ML: I think that's completely true. How do you even get something from someone when you're doing the same thing? What are you reaping from that? And you say, "Oh, I love Godard." So what do you do about that? Make a Godardian film or something?

WS: I enjoy the cinema of the Thirties. I think maybe part of that is that it's there in the Thirties. It's not coming at me.

Let’s talk about your relationship with your audience. You’ve been away. You're doing your thing, but to the audience. you're gone.
WS: No, with the Criterion Collection you're never gone. That was really key for me. They sell shockingly few copies of the films, but they do wonderful promotions. When Last Days of Disco originally came out, I felt like it got an unfair ride. People put into this journalistic thing: oh these guys are trying to bring back disco, they're trying to revive disco. They put with another film that came out around the time and it got so much short shrift. Criterion put it out on DVD, and they had these screenings at MoMA and Lincoln Center. I think [Damsels in Distress star] Greta Gerwig came to one of the screenings. I remember thinking at the time of the screenings that I spend too much time with these retrospective things, but I’ve got to do new stuff. But it was really helpful to have a rising actress like Greta Gerwig enthusiastic about my project, and telling other people and sacrificing to be in my film.

ML: I think my absence has, as they say, made people's hearts grow fonder, in a way. I think there is an appreciation for what I guess feels from the outside as a kind of tenacity that I'm doing this still. I think at least in fiction it's a more contracted and more conservative environment so that what I do in a way is almost more unique and feels more conspicuous now than even before.

It felt vulgar somehow to just keep turning out a new book every couple of years like a car company or something. It felt like there should be some kind of – I don't mean to sound melodramatic, but some sort of crisis provoking a new piece of work, or why do it? It felt like reapplying for membership to the Writers Club of America or something. I didn’t plan on the hiatus being as extended as it was, but I did have a sense that it's not so bad. I'm not sure, but I suspect it will be the case with Whit and his film, that there's something to be said for having been away. I think the audience's attention for something is a little more heightened and acute when it’s not, "Oh, that guy, it's another…"

WS: I felt that when Disco came out, when though it was four years after Barcelona, the response was, "This guy is foisting another thing upon us."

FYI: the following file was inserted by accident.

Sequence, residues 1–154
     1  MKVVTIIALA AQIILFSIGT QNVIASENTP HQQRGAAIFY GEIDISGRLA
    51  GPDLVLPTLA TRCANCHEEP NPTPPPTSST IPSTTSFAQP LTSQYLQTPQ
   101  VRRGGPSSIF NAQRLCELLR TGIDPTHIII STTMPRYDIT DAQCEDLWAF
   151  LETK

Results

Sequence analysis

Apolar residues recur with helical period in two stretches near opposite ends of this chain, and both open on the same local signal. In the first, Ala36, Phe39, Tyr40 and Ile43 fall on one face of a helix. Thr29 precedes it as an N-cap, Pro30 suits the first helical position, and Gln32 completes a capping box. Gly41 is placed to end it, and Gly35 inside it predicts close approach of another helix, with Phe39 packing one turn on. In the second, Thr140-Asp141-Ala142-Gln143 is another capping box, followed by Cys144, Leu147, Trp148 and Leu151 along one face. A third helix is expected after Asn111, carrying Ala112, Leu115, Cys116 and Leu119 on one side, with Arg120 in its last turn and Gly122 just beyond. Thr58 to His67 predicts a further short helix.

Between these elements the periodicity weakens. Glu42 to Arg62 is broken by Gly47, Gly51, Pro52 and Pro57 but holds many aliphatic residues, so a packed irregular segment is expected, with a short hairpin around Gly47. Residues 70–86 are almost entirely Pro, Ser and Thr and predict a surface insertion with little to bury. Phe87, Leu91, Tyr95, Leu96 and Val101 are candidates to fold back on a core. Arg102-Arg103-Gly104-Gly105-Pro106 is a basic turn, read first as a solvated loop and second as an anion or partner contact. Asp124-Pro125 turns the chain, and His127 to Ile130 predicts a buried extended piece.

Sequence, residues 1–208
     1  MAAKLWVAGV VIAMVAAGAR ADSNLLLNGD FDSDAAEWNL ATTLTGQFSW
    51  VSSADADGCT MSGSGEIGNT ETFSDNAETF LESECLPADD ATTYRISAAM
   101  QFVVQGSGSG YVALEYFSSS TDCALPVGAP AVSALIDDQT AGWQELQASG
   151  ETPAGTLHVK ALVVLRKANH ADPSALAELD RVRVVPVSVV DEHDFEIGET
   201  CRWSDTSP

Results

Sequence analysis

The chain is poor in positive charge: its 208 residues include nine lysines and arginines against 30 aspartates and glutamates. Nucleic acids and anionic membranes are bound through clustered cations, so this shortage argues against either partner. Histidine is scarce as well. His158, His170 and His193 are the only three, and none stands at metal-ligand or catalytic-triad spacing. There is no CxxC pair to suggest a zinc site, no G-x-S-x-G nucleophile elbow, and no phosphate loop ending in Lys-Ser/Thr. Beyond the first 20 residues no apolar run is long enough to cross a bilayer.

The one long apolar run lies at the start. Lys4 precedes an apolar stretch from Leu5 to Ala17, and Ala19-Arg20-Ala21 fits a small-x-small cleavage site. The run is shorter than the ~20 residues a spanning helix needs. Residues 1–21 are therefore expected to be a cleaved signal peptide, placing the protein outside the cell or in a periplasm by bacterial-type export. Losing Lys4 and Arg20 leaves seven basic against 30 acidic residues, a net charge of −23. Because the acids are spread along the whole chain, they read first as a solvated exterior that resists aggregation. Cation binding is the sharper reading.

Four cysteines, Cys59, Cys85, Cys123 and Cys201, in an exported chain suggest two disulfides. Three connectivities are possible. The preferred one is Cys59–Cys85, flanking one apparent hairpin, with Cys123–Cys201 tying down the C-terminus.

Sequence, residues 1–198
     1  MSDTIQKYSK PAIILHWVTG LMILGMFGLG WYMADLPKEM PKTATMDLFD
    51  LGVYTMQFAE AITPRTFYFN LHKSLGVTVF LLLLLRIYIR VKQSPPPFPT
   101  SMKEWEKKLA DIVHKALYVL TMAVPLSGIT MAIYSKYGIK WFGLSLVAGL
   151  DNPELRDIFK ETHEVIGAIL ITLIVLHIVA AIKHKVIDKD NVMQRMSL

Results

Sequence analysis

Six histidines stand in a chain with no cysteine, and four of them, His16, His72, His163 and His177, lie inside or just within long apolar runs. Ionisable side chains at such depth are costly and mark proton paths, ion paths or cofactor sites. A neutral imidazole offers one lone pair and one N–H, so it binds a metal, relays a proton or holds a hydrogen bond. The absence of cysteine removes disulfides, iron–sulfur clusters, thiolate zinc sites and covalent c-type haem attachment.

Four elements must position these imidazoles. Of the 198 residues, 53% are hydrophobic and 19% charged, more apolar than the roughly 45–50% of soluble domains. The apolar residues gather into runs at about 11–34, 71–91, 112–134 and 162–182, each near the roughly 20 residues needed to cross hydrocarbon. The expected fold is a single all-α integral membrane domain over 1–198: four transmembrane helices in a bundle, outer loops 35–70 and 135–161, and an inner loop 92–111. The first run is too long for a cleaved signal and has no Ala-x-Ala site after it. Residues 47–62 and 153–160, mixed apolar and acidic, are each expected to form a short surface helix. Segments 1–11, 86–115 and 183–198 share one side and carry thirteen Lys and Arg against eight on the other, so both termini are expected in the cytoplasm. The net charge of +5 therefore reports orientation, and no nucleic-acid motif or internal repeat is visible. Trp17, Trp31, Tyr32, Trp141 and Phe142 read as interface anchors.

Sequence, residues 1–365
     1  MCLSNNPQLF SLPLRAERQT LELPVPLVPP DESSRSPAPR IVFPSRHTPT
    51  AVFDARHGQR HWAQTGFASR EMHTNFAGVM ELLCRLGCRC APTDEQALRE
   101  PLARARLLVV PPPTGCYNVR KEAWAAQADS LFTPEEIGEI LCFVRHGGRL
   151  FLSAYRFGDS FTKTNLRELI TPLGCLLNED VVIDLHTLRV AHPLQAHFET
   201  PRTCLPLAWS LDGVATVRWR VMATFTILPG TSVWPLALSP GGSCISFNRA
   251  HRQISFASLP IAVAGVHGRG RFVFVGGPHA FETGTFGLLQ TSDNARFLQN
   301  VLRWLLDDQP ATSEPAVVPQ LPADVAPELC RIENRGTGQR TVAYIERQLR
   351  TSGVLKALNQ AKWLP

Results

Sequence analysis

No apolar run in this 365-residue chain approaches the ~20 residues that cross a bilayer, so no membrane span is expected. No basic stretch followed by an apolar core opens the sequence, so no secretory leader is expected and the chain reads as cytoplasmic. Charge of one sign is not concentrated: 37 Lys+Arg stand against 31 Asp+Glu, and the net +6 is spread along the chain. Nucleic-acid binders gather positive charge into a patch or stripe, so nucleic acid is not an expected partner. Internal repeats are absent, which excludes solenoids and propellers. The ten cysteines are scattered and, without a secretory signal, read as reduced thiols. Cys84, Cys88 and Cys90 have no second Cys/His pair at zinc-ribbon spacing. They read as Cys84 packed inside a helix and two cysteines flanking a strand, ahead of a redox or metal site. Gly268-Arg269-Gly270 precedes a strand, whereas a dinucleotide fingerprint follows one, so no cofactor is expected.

Are there particular things you wrote for scrapped or unproduced projects that you wish your audience could see?
WS: I have five scripts that haven't seen the light of the day. Some of the best stuff I've ever written is in those scripts. So yeah, it's very frustrating if you get some sort of deal where the person own the underlying rights, and this person doesn’t want to vary a comma from the very literary plot line or whatever, and you're not allowed to show it because it will undermine confidence in the script.

ML: It's the opposite for me, I think, with a book. I can throw everything in. It's kind of a novel contorting itself to include everything.

WS: I yearn to go off to a mountain cabin and work on fiction. I yearn to do that.

Do you see a legacy for your older work in younger writers and directors?
WS: We don’t want to think about that, do we? We want to be the protagonist.
M: I agree with Whit about it. Also, it would be presumptuous of me to even say I have influenced people. There are other people who will say that, and that's wonderful that they’ve been inspired in various ways. I would say my stuff is deserving of inspiring other people, because you hope it is. It would be disingenuous to say otherwise.

WS: I think there is a funny thing that happens when you're new in your career, which is that everyone that made a film before you that you like is like your admired older brother or cousin. Everything they did is so great, and you love praising them. The next guy comes along and has a little bit of success, and the next guy comes along with a little bit of success. It's very hard to like that guy. It takes a while to like people. I mean for me, it's like, I feel like Lena Dunham is 24, and I think, oh she’s great, she is fantastic! But there has to be a big gap.